Death and taxes.
Two words guaranteed to instill a sense of dread, or at least an uncomfortable feeling, in most people.
And, as the saying goes, both are inevitable. Inescapable.
While, for most people, the T word doesn’t usually rear its ugly head for a couple more months, in St. John’s it’s doing the rounds as city council works on its municipal budget for the coming year.
Like everyone else, the city is seeing costs going up.
Back in September, Telegram reporter David Maher reported on some of the extra costs the city is facing: a power bill of $10.3 million is expected to increase to $16.3 million by 2021; debt payments are up by $3.4-million; a $1-million increase in city salary costs; another $606,000 for Metrobus salaries; an $808,000 increase in fire protection costs.
The city has been trying to reduce costs and find efficiencies. It has frozen management salaries, kept new hires to a minimum, cut cellphone costs and eliminated car allowances, among other moves.
But it also faces a major revenue drop. While St. John’s property assessments aren’t out yet, the trend across the province has seen residential values decreasing — meaning the city could face a dip of between $8 million and $15 million in residential tax revenues. And residential taxes make up about 32 per cent of city revenues.
Faced with that kind of financial pressure, earlier this year Coun. Dave Lane, head of the city’s finance committee, made it known that city taxpayers are probably facing an increase in the next budget. The city has to balance its books and the extra money has to come from somewhere.
It was suggested residential taxpayers might face a mill rate hike of between 0.4 and 0.6 points. On the current mill rate of 7.3, that would mean if your home is valued at $300,000, your tax bill would go up by about $220.
Commercial property owners make up 25 per cent of the city’s annual revenues. They could face a mill rate increase of between 1 and 1.9 points. The mill rate for a commercial property with water and sewer services is currently 24.7. I just scanned commercial property listings and found a nice two-storey commercial building for sale at $1,090,000. Based on the proposed increase, the owner of a building like that could face a tax bill of between $28,103 and $28,994.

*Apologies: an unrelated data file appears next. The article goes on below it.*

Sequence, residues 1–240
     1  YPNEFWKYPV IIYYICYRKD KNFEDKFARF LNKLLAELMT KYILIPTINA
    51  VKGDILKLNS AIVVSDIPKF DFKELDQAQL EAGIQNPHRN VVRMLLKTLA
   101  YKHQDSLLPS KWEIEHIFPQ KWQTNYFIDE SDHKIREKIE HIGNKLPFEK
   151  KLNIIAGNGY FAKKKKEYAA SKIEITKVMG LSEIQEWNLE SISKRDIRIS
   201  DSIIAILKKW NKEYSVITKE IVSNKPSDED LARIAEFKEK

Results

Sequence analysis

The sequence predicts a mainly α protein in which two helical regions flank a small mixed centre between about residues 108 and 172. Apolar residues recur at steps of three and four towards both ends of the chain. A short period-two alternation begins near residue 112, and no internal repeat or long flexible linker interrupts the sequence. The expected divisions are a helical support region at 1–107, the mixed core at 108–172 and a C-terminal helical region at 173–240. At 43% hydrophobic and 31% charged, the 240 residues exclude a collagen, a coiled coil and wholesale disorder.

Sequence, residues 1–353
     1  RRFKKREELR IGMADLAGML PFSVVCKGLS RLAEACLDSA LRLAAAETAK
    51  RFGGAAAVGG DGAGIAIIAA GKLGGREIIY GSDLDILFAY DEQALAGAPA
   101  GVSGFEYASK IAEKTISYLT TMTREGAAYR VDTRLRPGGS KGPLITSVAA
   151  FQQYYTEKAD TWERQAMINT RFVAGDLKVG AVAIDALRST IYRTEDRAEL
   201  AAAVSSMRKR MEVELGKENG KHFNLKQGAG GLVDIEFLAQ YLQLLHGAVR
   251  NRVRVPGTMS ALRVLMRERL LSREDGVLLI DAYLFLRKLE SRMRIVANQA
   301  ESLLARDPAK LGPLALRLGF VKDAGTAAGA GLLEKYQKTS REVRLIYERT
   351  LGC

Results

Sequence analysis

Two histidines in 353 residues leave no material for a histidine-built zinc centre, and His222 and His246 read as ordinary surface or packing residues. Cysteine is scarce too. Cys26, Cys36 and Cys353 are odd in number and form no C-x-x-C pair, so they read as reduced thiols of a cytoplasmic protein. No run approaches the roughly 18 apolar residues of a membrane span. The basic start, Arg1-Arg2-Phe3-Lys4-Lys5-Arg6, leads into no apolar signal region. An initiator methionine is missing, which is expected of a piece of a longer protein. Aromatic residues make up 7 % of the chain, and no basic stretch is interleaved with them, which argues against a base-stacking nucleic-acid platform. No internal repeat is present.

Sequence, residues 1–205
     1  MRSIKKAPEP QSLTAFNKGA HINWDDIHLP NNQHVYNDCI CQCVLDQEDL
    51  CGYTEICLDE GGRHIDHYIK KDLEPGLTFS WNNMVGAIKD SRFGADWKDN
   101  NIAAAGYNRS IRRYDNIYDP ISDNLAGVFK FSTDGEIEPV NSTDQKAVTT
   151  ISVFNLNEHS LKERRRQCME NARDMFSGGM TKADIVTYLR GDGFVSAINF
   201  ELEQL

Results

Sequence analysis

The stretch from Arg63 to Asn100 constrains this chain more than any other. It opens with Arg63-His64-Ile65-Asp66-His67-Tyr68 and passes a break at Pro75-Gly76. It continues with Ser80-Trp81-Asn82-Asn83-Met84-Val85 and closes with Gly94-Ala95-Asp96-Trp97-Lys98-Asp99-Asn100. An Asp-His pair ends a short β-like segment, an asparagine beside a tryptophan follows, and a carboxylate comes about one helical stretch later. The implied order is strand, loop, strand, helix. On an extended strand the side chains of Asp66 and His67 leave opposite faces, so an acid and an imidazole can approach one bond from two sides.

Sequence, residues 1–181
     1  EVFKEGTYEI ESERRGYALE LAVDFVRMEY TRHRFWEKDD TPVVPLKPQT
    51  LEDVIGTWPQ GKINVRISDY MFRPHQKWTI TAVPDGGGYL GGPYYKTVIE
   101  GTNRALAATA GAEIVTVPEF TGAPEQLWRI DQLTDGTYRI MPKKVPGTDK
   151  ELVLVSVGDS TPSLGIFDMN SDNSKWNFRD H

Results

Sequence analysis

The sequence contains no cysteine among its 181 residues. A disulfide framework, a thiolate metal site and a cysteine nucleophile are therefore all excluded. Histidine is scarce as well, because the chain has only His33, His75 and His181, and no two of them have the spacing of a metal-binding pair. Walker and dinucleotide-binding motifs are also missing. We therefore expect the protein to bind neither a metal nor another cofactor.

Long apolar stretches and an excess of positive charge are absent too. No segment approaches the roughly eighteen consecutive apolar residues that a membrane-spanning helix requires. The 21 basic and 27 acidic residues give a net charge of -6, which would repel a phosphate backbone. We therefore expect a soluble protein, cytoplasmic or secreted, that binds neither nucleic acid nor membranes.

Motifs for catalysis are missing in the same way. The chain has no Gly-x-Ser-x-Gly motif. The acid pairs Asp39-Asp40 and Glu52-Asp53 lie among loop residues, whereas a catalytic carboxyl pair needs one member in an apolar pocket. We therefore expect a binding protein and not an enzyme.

A big concern for business owners is that values for commercial properties have actually increased a bit. If that holds true in the St. John’s assessments, commercial property owners could see their city tax bill go up anyway, tax hike or no.
Over the summer, the city held budget consultations, gathering input on how it can balance the budget. Friday, the St. John’s Board of Trade brought together some of its members to get their take on how they’d like the city to approach the budget.
The session was closed to the media, but board chair Andrea Stack summed up some of the concerns that were expressed.
“Our members feel like the taxation that we have as individuals in the city of St. John’s is high on all levels, through all levels of government. So we’re pushing for the city to find efficiencies and reduce where they can,” she said.
It could be efficiency initiatives to save money on energy, looking to public-private partnerships to pay for major municipal infrastructure projects, or reviewing core services.
“Finding what is spent in other jurisdictions and seeing how our spending sits relative to other jurisdictions, like Halifax or other cities,” Stack said. “Seeing what our core services are, what needs to be offered and doing that more efficiently and more cost-effectively.”
Bottom line is, Stack said, raising taxes shouldn’t be the automatic reflex when faced with a projected shortfall.
“We don’t feel the answer should be ‘Oh, here are our costs, what do we need to charge the residents of St. John’s?’” Stack said. “We feel they should be looking internally and find what a fair tax rate should be for the city.”
And the level of taxation matters, Stack said; matters deeply.
“I think there are businesses out there that are feeling like the tax burden that they’re facing from all levels of government is getting too high and they’re considering does it make sense to stay in business?” she said. “It’s a tough economy out there and at the end of the day we think the government at all levels should be looking to do what they can to reduce taxes and help keep the economy moving.”
Mark Vaughan-Jackson is The Telegram’s Business editor. He can be reached via email at firstname.lastname@example.org. If you’re worried where your municipal taxes are headed and want to share your concerns, drop me a line.